About 12 hours after what had to be a deeply satisfying primary election night, Tulsa County District Attorney Steve Kunzweiler spent Wednesday morning picking up stray election signs.
“You know, you’re looking around and you see all these green trees and then there’s just yard signs everywhere,” Kunzweiler said. “I don’t want anyone else to have to go pull mine up, so I try to pick up a lot of them.”
On Tuesday Kunzweiler survived, at least for a few months, what had become a hotly contested challenge to his district attorney position. Despite being massively outspent — public campaign finance filings showed Kunzweiler spent about $20,000 in his re-election bid, compared to about $54,000 by Ben Fu, his chief challenger — Kunzweiler grabbed nearly 43 percent of the vote and flirted with an outright majority.
Kunzweiler and Fu will now advance to a runoff election on Aug. 28. The winner there will face Democrat Jenny Proehl-Day in November.
Tuesday’s results — Kunzweiler finished more than 10,000 votes ahead of both Fu and fellow Republican Tammy Westcott — seemed contrary, juxtaposed to the most recent State Question votes.
In 2016, Tulsa voters overwhelmingly supported two criminal justice reform measures (State Questions 780 and 781) that overhauled the penalties for some drug and property crimes. And then on Tuesday, nearly 63 percent of Tulsa County voters supported State Question 788, which legalized medical marijuana.
Leading up to the election Fu, while not a supporter of State Questions 780/781, had generally supported criminal justice reform as a topic and had sided against criticizing the upcoming medical marijuana vote. His campaign had focused on data-driven techniques for lowering crime and he certainly appeared to be the most reform-minded Republican in the race.
Meanwhile Kunzweiler, a prosecutor now for nearly three decades, had spoken out against the criminal justice reform measures as well as the medical marijuana state question.
Yet when it came time to vote on the county’s top prosecutor, Kunzweiler established himself as the clear favorite to move on to November’s general election.
“There’s so many emotion elements to the marijuana issue,” Kunzweiler said on Wednesday. “But when it gets down to it, what do people want from their DA? They want someone who is focused on public safety.”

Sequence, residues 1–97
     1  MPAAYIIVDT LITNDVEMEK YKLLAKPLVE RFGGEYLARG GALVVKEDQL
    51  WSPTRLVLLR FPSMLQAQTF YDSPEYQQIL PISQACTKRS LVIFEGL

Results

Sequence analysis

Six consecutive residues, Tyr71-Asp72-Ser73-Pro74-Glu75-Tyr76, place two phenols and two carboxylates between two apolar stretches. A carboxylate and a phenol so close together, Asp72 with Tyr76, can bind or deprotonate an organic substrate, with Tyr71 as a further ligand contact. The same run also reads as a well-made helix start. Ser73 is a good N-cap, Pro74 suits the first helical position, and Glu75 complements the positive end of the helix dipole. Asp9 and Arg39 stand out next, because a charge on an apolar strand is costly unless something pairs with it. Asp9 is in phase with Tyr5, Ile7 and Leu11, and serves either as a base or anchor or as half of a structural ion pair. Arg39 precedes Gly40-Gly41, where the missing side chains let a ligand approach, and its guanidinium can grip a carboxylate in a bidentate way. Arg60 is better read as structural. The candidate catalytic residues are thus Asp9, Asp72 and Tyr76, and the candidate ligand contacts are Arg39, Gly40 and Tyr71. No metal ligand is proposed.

He said that while Oklahoma’s prison population has swelled — state leaders have called for the construction of at least two new prisons to ease the burden — only 14 percent of incarcerated Oklahomans come from Tulsa County, opposed to 26 percent from Oklahoma County.
“Tulsa County has led the state every year in the number of people we have in alternative courts,” Kunzweiler said. “I think (on Tuesday) people said ‘We want someone who is a public safety servant but also someone who will continue the job we’ve done over the last decade.’”
For Fu, the former prosecutor stopped short of calling Tuesday’s results disappointing, instead opting to refer to them as “surprising.”
Fu had a large fundraising lead in the race and added the support of the local police union in the months leading up to the vote, yet edged out Westcott by just 635 votes to reach the runoff.
But he’s focusing on the other numbers: 31,761 people voted for Kunzweiler, but 42,459 voted for “non-Kunzweiler,” he said.
“I understand he certainly got the most votes,” Fu said. “But he didn’t get the majority.”
Fu said he believed the State Question 788 result squared up nicely with the district attorney election: 62 percent of Tulsa County voters were in favor of State Question 788, and and 57 percent of Tulsa County voters picked someone who wasn’t Kunzweiler.
“Now the question is, are the people who came to vote for myself and Tammy still going to be interested and engaged on these issues (in August?)” Fu said.
“This whole campaign has been the question of are we ready for this change? And last night’s results proved that we’re ready and we want it. Can I convince the people we that represent that change? I think we can.”